India beats its own record to build the world’s lightest satellite, NASA to launch it soon
- Four Indian engineering students have built the world’s lightest
satellitethat NASAis planning to launch this August.
- This might also be the cheapest satellite as the students spent just ₹15,000 to make it.
- If successful, the experiment may help in a better understanding and research about the environment of outer space.
The developers of the satellite, KJ Harikrishna, T Giri Prasad, G Sudhi and P Amarnath are in their first year of pursuing Aerospace engineering from the Hindustan Institute of Technology and Science, near
They built the satellite for a competition that was organised in January by the Colorado Space Grant Consortium, NASA and iDoodle, called ‘Cubes in Space’. Along with this satellite, 99 other space experiments, that were submitted for the competition, have been selected by NASA to be launched. The previous most lightweight satellite that Jaihind-1S beat was also developed by a student from
The four students used locally sourced materials and though the inception of the satellite began one year ago, they took just two weeks to assemble the satellite and feed in the program. The students conducted a lot of ‘local‘ tests on the satellite by putting it in the fridge, lighting it up with fire and using a balloon to raise it to an altitude of 40 kilometres. After the tests, the students were sure that the nylon they used will be able to sustain itself in space.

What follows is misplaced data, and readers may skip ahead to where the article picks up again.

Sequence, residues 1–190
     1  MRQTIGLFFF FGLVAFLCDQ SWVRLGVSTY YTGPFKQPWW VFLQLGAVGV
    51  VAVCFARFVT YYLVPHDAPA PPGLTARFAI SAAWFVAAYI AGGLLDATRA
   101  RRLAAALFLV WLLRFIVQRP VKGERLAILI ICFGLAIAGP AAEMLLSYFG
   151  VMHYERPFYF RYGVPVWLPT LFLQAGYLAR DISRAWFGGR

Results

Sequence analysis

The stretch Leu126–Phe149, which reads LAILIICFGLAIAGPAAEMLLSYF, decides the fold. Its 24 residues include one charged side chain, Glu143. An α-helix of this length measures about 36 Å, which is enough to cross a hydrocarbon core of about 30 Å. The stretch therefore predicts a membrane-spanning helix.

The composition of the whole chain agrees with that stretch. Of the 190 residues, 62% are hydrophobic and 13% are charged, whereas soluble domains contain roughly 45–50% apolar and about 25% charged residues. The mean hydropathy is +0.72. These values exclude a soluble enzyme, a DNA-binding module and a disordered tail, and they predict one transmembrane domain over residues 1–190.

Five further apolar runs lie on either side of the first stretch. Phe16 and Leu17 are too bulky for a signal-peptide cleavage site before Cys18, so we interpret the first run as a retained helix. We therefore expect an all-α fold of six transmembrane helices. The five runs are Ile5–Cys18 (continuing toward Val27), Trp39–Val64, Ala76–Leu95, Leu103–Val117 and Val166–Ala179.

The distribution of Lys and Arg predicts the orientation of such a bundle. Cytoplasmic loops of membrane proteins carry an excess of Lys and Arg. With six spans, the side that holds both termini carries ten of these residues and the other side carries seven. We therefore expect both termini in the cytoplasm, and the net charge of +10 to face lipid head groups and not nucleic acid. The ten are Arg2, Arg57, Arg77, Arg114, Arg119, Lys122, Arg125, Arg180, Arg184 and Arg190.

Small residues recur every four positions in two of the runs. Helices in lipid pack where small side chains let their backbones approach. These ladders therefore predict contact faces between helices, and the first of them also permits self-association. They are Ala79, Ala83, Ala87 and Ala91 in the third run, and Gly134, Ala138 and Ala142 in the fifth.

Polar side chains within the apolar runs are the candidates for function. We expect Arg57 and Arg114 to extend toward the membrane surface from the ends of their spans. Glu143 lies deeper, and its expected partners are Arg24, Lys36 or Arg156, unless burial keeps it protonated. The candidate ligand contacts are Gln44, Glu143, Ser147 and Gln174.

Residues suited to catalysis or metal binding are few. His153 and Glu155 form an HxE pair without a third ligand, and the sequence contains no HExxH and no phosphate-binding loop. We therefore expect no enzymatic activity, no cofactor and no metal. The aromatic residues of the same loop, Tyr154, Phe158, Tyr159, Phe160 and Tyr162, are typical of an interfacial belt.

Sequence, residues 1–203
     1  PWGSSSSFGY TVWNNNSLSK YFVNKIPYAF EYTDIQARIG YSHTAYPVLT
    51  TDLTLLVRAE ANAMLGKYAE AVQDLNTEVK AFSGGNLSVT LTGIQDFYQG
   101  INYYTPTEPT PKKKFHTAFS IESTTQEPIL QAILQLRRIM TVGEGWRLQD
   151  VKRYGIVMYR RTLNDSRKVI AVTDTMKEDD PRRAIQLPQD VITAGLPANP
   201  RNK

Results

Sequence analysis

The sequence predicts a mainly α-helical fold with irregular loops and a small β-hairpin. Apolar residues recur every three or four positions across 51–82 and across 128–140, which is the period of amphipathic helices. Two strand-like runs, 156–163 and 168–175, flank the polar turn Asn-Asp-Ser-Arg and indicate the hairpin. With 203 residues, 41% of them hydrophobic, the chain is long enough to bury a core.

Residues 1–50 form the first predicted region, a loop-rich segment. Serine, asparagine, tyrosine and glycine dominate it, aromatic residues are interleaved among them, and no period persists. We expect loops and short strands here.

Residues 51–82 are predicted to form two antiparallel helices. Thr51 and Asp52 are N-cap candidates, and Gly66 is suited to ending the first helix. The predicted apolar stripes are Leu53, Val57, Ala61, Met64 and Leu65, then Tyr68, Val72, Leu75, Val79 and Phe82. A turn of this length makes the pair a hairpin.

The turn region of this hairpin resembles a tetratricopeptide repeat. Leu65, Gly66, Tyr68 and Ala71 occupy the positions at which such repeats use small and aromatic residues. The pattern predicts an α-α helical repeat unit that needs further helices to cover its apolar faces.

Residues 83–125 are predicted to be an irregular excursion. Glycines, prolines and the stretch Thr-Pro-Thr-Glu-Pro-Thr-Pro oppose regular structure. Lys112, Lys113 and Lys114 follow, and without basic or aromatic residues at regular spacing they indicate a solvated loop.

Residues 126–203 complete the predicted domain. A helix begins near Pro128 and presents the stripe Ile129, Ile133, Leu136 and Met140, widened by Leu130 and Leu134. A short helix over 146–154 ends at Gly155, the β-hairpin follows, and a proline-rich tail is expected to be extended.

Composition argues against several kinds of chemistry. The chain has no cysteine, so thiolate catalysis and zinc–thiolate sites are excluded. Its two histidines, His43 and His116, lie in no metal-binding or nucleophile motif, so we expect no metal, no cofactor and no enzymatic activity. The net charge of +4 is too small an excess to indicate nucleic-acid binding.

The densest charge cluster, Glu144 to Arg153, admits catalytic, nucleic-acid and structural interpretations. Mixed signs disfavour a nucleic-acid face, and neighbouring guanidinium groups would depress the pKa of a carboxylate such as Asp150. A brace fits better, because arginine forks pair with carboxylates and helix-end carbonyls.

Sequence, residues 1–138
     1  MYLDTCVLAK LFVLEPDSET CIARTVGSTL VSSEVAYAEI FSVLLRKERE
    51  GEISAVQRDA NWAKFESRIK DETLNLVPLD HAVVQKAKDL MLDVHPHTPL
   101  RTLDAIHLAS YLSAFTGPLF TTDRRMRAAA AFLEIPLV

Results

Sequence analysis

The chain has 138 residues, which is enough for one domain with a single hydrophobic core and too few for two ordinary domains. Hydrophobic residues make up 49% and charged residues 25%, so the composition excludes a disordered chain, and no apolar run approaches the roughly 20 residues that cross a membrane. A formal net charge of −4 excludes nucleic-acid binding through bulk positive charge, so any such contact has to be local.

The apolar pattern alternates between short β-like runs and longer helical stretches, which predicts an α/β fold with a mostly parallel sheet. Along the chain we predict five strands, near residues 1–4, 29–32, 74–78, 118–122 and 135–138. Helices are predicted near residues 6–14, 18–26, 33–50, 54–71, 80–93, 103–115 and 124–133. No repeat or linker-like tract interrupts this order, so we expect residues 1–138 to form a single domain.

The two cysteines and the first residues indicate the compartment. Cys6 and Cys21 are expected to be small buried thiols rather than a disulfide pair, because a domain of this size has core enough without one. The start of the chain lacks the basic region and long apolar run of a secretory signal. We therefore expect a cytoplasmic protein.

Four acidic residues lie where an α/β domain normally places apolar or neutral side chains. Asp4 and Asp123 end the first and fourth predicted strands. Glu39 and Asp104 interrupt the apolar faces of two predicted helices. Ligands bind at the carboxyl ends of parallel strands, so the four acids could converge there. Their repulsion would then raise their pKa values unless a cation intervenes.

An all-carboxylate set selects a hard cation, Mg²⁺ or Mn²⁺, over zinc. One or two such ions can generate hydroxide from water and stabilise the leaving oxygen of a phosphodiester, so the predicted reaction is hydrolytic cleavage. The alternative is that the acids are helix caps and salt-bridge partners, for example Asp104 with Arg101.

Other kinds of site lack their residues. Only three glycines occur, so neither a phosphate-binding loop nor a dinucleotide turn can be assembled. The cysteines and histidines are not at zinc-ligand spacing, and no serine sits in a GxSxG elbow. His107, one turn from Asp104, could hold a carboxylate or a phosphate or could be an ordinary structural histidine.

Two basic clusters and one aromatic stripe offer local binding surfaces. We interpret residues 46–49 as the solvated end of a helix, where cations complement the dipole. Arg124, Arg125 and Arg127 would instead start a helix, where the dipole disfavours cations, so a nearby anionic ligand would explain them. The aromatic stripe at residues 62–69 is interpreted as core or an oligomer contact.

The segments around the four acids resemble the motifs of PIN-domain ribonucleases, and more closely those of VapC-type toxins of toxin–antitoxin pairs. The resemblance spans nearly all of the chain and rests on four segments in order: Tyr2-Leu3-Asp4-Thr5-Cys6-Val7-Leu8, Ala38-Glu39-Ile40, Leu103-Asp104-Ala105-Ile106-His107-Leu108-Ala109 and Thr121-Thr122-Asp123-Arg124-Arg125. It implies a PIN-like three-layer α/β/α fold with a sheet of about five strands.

The satellite will be dispatched to NASA next month for the final showdown.
NASA will be taking the satellite to a 70-kilometres high altitude using a balloon. The sensor modules in the satellite have the exceptional quality of measuring four parameters per second - temperature, humidity, pressure and UV rays. It will also track the movement and trajectory of the balloon. The data will be stored simultaneously in an SD card attached with the satellite, with the help of a microcontroller. Once the 70 km high journey of about 15- 20 hours is completed, the satellite will disengage and fall. It will then be collected to retrieve data and to assess the nylon’s durability in space.
The satellite is expected to measure 20 weather parameters, test the nylon material in microgravity and track the trajectory while it is up there. If successful, it may help in better understanding and research about the environment of outer space.
Representative image used.
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